Other factors in modeling climate change’s economic effects are what scientists call “tipping points”; moments when global warming kicks off feedback loops in the planetary ecology that cause the effects to speed up. Examples of tipping points include the polar ice melting in a way that results in sudden huge collapses rather than gradual melting; or melting permafrost in the northern hemisphere releasing underground methane that in turn speeds up global warming even more. They can also include second-order social effects that damage economies: drought and food scarcity kicking off wars or mass refugee movements, for instance.
June is a big month for the Supreme Court and several major rulings are expected in the next few weeks, and some cases have already been decided.
Last Thursday, the Supremes announced opinions on only two of the 22 cases it has in front of it: POM Wonderful v. Coca-Cola which deals with whether a company can sue another one for unfair competition based on false or misleading product descriptions; and Clark v. Rameker, which weighs whether individual retirement account (IRA) inheritance can be exempted from Chapter 7 bankruptcy under the “retirement funds” exemption.
In the POM case, the court ruled that POM, a company that makes pomegranate juices, had the right to sue Coca-Cola for falsely advertising one of its juices as being made mostly of pomegranate and blueberry juice when it was actually made of apple and grape juices. POM, which makes a special pomegranate-blueberry juice blend, claimed it lost sales as a result of Cola-Cola’s false labeling. The ruling reversed a decision from the Ninth Circuit Court of Appeals, which essentially said POM lacked the legal standing to sue because of a conflict with state and federal law.
In Clark v. Rameker, the court ruled that IRA inheritance funds do not meet the “retirement funds” exemption and must be included as part of the estate in the bankruptcy process. Because an IRA is intended for the retirement of the person who originally put the funds into the account, and an inherited IRA functions essentially as a fund that can be used at any time and not just for retirement, the exemption does not apply.
Today, the Supreme Court handed Argentina two major defeats in cases brought by bondholders who refused to accept reduced payments after the country’s 2001 default. The Supremes decided against hearing Argentina’s appeal of an order requiring it to pay holders of defaulted notes from 2001 when making payments on its restructured debt. The next payment on those bonds comes due June 30. Shortly after the first decision, the Supremes handed down another ruling allowing the bondholders to issue subpoenas to banks in an effort to trace Argentina’s assets abroad.
The inaction by the Supreme Court is a victory for the minority of investors, led by a hedge fund controlled by billionaire Paul Singer, who have refused to exchange their defaulted bonds for about 30 cents on the dollar. Argentina calls those investors “vultures” because they bought many of the bonds post-default at a discount, angling to eventually collect a windfall; in other words, they bought the bonds for pennies on the dollar, refused to accept 30 cents on the dollar, and the Supremes say they now must be paid the full face amount of the bonds.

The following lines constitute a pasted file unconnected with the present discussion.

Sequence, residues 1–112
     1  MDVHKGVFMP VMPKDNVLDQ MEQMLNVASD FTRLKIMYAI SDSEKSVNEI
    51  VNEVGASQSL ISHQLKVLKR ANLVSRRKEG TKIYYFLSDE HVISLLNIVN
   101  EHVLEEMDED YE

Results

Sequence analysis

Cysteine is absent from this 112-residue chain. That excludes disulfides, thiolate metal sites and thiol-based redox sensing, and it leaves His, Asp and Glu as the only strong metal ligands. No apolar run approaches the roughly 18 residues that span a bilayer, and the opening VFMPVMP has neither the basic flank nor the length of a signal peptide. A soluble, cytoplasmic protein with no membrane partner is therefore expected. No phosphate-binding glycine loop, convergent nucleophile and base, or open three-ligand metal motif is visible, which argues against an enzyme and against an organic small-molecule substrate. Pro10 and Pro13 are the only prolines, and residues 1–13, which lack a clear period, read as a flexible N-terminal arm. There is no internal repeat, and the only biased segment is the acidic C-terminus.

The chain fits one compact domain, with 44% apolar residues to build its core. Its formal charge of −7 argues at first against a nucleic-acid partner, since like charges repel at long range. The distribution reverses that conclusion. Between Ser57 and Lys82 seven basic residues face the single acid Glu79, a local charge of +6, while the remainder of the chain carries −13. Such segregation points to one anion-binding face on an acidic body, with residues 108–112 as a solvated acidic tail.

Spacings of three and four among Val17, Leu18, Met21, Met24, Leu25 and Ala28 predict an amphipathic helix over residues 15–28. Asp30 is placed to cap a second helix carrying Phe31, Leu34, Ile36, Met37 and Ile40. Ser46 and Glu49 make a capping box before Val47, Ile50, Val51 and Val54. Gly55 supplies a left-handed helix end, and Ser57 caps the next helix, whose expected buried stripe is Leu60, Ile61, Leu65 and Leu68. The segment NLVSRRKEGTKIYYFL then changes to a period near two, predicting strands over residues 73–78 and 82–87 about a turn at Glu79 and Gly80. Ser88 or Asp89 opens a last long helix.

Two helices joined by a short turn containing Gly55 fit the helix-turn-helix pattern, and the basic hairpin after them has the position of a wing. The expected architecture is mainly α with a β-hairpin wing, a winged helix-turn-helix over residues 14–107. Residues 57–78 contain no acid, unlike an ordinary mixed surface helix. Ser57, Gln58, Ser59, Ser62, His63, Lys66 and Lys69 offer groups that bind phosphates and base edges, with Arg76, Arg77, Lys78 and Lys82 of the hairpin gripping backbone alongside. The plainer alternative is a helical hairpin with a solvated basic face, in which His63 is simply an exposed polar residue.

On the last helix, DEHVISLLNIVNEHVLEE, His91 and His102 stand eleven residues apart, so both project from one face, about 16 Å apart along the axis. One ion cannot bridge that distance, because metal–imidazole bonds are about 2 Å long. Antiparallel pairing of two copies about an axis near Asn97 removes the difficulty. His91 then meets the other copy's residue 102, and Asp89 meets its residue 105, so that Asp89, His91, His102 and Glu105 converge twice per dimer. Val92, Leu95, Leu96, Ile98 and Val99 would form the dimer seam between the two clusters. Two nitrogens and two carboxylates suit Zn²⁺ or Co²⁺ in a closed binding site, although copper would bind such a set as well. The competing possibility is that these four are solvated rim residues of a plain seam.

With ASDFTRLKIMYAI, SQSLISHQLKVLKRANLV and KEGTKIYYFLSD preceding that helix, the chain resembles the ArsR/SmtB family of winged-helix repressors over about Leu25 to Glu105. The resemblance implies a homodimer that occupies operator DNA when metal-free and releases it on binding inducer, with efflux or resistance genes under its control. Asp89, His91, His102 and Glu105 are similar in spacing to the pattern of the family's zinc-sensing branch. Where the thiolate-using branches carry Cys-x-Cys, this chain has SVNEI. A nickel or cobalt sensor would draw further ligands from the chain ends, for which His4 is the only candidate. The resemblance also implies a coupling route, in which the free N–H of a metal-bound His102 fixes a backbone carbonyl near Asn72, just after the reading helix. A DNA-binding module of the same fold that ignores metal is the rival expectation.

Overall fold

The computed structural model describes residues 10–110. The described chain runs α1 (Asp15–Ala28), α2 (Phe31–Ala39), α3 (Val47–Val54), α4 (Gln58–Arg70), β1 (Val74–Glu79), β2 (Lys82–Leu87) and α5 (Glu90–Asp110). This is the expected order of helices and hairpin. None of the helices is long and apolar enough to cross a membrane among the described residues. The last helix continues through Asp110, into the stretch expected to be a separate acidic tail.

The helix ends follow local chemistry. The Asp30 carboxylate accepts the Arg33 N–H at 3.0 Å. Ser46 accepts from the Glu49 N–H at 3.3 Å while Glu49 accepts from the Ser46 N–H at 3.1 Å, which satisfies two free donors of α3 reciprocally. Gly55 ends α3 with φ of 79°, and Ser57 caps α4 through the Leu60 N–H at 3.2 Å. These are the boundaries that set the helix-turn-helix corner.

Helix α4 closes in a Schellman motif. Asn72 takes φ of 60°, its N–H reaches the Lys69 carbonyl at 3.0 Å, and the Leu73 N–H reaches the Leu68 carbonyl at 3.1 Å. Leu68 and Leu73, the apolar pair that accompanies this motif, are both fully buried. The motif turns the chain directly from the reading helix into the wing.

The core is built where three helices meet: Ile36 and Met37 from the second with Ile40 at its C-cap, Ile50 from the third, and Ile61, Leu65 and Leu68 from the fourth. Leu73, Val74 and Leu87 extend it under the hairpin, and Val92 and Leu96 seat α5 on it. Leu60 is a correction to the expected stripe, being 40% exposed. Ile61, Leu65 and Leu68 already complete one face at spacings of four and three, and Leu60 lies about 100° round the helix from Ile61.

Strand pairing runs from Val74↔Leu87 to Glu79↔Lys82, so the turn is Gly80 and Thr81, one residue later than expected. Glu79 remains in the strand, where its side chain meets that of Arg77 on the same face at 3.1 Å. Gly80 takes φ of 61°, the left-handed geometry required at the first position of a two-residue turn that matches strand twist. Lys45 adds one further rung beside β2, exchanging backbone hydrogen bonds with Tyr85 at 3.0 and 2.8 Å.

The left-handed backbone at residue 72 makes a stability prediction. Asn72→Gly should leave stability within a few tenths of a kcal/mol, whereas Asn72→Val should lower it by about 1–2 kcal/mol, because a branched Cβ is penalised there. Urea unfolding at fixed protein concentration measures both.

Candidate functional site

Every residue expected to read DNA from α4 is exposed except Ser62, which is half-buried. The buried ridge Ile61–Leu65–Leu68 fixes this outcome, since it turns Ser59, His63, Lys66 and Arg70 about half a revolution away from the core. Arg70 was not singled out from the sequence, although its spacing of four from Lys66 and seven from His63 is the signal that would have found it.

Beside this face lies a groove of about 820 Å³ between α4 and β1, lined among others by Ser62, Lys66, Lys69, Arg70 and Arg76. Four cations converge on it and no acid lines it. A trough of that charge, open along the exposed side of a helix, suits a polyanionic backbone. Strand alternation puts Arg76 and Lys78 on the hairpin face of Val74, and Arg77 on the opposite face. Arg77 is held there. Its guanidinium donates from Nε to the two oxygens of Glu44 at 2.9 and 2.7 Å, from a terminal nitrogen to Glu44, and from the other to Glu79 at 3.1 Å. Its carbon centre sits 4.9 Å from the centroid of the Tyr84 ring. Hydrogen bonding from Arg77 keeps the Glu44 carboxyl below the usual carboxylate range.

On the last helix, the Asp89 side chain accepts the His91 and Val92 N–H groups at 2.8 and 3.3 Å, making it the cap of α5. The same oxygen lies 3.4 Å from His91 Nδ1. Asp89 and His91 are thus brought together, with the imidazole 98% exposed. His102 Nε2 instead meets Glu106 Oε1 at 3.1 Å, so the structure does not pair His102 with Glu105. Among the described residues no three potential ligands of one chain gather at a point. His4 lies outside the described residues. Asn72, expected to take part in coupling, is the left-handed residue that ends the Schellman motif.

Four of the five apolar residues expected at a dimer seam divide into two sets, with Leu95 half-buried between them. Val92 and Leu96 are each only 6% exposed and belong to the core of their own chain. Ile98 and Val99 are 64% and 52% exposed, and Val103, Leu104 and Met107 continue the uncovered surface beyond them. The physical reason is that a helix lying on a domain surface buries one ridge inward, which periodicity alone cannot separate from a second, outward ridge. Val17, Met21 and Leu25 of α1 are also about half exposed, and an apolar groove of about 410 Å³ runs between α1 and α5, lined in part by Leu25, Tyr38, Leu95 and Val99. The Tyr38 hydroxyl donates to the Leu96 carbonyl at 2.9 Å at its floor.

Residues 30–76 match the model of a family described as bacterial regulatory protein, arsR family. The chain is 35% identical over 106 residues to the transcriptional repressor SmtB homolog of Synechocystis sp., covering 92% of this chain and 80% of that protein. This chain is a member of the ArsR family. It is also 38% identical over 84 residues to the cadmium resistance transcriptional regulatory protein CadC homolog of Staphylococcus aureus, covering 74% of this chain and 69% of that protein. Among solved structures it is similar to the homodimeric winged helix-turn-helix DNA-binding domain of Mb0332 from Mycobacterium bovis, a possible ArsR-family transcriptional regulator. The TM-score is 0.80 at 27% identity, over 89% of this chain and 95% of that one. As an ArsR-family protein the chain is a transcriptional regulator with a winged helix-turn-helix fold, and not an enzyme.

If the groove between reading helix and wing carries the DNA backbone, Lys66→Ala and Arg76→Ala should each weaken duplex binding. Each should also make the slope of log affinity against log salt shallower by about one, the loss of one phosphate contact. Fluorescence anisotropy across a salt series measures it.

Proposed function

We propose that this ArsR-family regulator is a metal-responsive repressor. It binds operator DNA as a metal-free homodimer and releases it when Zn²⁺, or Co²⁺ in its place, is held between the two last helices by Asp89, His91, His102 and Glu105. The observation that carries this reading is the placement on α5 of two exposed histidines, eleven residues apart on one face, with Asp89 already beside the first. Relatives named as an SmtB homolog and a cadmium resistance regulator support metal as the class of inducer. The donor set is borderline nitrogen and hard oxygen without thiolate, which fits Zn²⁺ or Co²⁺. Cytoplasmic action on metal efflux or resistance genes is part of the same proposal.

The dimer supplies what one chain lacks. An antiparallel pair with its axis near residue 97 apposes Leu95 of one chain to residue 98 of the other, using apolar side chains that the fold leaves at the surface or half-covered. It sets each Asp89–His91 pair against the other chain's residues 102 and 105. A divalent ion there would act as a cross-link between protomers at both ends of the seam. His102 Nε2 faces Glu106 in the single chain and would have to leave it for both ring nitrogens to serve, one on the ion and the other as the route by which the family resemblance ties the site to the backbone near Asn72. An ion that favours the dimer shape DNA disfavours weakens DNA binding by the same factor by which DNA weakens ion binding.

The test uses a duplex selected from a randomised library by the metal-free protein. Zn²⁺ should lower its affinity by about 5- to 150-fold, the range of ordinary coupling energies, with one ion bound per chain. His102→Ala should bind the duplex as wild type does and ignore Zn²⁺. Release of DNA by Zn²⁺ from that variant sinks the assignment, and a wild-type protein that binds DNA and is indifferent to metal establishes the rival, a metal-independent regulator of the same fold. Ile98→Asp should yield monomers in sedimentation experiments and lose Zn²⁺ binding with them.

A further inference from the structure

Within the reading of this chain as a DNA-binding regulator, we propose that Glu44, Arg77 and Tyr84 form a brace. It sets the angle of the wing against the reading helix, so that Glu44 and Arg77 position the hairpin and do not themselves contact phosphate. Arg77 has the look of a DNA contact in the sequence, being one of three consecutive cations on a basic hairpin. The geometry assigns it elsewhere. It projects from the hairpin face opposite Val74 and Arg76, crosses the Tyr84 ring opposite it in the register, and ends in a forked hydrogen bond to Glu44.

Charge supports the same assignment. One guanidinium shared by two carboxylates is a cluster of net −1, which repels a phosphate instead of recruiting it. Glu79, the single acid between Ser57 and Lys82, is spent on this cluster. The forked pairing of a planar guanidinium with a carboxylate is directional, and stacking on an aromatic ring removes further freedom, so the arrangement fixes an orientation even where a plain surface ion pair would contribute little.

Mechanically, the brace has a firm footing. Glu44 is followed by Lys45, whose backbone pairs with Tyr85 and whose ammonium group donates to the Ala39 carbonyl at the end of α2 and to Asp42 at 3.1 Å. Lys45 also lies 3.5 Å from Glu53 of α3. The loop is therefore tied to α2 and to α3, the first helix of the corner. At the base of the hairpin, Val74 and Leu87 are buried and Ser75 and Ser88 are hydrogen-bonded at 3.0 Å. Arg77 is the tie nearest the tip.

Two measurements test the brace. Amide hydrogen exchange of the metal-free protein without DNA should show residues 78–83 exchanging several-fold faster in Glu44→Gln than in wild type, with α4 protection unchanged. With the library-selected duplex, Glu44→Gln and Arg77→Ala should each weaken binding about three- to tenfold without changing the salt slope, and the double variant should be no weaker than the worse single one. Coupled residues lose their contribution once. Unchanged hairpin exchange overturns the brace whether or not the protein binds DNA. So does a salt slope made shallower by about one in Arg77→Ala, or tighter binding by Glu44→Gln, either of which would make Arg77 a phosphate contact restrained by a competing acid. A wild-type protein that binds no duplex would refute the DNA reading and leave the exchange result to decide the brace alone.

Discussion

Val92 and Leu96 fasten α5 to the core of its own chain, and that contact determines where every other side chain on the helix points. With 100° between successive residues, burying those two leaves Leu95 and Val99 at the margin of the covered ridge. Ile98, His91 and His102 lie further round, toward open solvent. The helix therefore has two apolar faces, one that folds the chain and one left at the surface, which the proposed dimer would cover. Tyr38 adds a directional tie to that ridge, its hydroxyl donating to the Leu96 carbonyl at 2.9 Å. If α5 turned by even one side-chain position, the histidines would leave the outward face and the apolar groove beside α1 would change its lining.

In response to today’s decisions, lawyers for Argentina wrote: “Since Argentina lacks the financial resources to pay the holdouts in full (what would amount to $15 billion) while also servicing its restructured debt to 92 percent of bondholders, Argentina will have to face, objectively, a serious and imminent risk of default.”
Argentina claimed that lower-court rulings misread Argentina’s bond agreements and violated its immunity as a sovereign nation. In court filings, the Argentine government has said it would comply with lower-court rulings. But in public pronouncements, Argentine President Cristina Fernández de Kirchner has vowed not to pay a group of creditors she has referred to as “predators.”
Also today, the Supremes dealt a rare blow to the gun lobby Monday by ruling that purchasers must report when they are buying firearms for other people.
Other rulings expected this week might include Sebelius v. Hobby Lobby, which deals with whether a for-profit company has to provide contraceptive care for its employees if the owner has a religious objection, even though the employees are entitled to it through the Affordable Care Act (ACA), also known as Obamacare.
Also, American Broadcasting Company v. Aereo, which should be of interest if you watch TV over the internet. Aereo is a Web startup company that allows consumers to pay an $8 or $12 subscription fee to watch their local TV networks live on any Internet-connected device. The major broadcasters say this amounts to theft of their product.
And a couple of cases that deal with the Fourth Amendment: Riley v. California, and United States v. Wurie; both cases are about whether the police have to obtain a warrant to search an individual’s cellphone when an arrest is made.